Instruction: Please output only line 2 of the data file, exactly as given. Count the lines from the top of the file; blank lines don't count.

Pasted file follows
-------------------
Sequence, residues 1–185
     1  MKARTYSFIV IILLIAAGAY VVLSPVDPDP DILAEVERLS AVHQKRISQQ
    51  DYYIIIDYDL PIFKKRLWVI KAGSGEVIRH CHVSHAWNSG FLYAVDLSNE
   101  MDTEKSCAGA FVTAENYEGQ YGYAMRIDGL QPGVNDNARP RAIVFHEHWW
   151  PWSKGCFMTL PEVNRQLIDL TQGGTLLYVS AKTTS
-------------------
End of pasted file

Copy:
     1  MKARTYSFIV IILLIAAGAY VVLSPVDPDP DILAEVERLS AVHQKRISQQ